Research Paper Volume 11, Issue 10 pp 3117—3137
Exploration of age-related mitochondrial dysfunction and the anti-aging effects of resveratrol in zebrafish retina
- 1 Affiliated Eye Hospital of Nanchang University, Jiangxi Research Institute of Ophthalmology and Visual Science, Nanchang, China
- 2 Queen Mary School of Nanchang University, Nanchang, China
- 3 Institute of Life Science of Nanchang University, Nanchang, China
- 4 School of Life Sciences of Nanchang University, Nanchang, China
- 5 Jiangxi Provincial Collaborative Innovation Center for Cardiovascular, Digestive and Neuropsychiatric Diseases, Nanchang, China
received: February 1, 2019 ; accepted: May 7, 2019 ; published: May 19, 2019 ;https://doi.org/10.18632/aging.101966
How to Cite
Copyright: Wang et al. This is an open‐access article distributed under the terms of the Creative Commons Attribution License (CC BY 3.0), which permits unrestricted use, distribution, and reproduction in any medium, provided the original author and source are credited.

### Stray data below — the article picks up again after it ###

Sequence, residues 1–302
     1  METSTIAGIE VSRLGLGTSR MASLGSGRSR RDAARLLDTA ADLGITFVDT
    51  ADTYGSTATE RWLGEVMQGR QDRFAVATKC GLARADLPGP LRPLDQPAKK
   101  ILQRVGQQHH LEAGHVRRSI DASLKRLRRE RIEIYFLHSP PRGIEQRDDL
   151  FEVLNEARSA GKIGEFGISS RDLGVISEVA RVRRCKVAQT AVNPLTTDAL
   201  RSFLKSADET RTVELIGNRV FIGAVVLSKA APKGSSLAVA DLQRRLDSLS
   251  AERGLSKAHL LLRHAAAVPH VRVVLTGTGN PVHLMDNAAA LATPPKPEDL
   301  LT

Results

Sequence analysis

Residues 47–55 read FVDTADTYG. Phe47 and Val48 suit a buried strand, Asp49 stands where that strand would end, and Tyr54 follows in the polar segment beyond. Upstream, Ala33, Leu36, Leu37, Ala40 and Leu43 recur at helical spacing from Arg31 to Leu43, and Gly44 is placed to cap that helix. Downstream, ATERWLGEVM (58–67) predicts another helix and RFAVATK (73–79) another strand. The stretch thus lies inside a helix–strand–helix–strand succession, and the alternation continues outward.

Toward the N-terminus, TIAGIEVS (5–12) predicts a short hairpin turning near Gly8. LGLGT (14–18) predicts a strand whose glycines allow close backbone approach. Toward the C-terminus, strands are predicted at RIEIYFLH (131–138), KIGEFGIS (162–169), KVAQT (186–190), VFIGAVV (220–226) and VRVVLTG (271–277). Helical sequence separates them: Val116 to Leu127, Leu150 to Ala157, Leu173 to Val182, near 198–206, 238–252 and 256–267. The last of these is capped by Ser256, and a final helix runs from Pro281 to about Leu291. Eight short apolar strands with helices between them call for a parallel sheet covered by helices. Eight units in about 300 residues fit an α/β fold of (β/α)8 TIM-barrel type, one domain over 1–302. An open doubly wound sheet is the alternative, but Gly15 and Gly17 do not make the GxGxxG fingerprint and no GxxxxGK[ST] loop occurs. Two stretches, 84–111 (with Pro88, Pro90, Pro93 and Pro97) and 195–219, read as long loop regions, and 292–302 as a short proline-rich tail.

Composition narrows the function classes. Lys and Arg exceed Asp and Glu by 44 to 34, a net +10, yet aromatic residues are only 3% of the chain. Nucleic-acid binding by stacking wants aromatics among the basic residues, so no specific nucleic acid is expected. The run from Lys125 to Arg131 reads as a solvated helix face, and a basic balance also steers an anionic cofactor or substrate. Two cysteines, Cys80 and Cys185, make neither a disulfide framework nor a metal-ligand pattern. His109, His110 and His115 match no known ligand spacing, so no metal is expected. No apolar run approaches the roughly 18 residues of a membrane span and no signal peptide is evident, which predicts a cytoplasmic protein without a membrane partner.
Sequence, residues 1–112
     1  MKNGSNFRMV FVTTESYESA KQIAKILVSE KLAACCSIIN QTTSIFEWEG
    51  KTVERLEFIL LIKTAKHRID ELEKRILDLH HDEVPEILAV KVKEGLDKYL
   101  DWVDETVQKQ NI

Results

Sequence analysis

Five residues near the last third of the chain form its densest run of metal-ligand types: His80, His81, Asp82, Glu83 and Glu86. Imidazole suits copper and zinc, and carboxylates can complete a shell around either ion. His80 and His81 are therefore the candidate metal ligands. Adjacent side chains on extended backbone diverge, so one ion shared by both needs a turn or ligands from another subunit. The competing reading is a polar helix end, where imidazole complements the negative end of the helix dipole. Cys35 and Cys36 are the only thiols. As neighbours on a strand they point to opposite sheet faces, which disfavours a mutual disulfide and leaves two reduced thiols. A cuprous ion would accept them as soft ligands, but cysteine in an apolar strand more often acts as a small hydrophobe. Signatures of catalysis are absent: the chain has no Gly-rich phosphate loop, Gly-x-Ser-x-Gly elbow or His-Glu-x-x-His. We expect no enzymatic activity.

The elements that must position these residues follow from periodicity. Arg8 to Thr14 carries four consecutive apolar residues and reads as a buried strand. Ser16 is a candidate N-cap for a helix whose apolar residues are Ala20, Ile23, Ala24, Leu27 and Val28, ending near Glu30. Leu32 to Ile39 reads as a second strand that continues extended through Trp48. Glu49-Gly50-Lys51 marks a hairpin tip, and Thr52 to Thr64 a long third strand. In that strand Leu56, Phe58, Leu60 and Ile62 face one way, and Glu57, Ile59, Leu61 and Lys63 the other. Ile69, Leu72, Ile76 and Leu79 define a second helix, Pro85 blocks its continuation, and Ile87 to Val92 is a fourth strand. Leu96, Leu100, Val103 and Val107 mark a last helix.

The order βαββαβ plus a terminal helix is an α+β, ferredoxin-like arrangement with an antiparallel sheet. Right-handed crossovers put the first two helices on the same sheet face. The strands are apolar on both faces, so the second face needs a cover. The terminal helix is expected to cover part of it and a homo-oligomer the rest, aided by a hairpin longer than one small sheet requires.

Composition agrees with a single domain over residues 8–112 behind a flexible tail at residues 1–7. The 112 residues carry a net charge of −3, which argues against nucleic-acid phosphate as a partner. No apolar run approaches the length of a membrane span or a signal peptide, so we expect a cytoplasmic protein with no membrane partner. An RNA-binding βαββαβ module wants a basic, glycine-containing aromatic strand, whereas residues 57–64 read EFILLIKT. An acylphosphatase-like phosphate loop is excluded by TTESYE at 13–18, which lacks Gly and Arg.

It is currently believed that aging is closely linked with mitochondrial dysfunction, and that resveratrol exhibits anti-aging and neuroprotective effects by improving mitochondrial function, even though the mechanisms are not well defined. This study explored mitochondrial quality (mitochondrial DNA integrity and copy number), mitochondrial function (fusion/fission, mitophagy/autophagy), antioxidant system and activity of the Akt/mTOR and Ampk/Sirt1/Pgc1α pathways, and inflammation in aging zebrafish retinas to identify the probable mechanisms of resveratrol’s anti-aging and neuroprotective effects. mtDNA integrity, mtDNA copy number, mitochondrial fusion regulators, mitophagy, and antioxidant-related genes were all decreased whereas Akt/mTOR activity and inflammation was increased upon aging in zebrafish retinas. Resveratrol was shown to not only increase mitochondrial quality and function, but also to suppress Akt/mTOR activity in zebrafish retinas. These results support the notion that mitochondrial dysfunction and increased Akt/mTOR activity are major players in age-related retinal neuropathy in zebrafish, and demonstrate a trend towards mitochondrial fragmentation in the aging retina. Importantly, resveratrol promoted mitochondrial function, up-regulating Ampk/Sirt1/Pgc1α, and down-regulated Akt/mTOR pathway activity in zebrafish retinas, suggesting that it may be able to prevent age-related oculopathy.